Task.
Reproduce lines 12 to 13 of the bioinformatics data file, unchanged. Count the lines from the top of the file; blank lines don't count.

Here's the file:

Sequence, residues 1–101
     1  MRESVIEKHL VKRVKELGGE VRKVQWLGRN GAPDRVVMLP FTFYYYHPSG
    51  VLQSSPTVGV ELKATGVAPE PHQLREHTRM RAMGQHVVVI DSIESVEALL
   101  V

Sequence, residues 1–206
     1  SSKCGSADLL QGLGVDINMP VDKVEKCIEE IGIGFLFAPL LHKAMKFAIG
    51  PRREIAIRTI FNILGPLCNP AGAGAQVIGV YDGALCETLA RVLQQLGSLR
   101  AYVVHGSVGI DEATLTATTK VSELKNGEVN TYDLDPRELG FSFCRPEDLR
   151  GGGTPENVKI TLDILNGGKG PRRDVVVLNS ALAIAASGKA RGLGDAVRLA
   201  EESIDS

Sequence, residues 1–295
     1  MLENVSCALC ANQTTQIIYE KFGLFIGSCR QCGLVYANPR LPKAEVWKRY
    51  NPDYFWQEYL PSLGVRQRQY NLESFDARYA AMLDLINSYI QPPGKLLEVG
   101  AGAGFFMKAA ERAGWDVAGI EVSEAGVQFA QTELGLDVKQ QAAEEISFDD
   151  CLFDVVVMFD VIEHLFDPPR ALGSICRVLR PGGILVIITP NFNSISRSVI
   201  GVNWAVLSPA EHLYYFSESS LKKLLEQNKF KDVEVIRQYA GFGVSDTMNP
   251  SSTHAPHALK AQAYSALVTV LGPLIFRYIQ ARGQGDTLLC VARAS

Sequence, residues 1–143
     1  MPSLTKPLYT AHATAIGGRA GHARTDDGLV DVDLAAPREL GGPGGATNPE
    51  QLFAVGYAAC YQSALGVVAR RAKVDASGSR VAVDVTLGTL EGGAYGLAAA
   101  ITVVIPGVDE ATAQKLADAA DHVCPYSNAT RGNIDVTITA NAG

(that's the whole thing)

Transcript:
     1  MLENVSCALC ANQTTQIIYE KFGLFIGSCR QCGLVYANPR LPKAEVWKRY
    51  NPDYFWQEYL PSLGVRQRQY NLESFDARYA AMLDLINSYI QPPGKLLEVG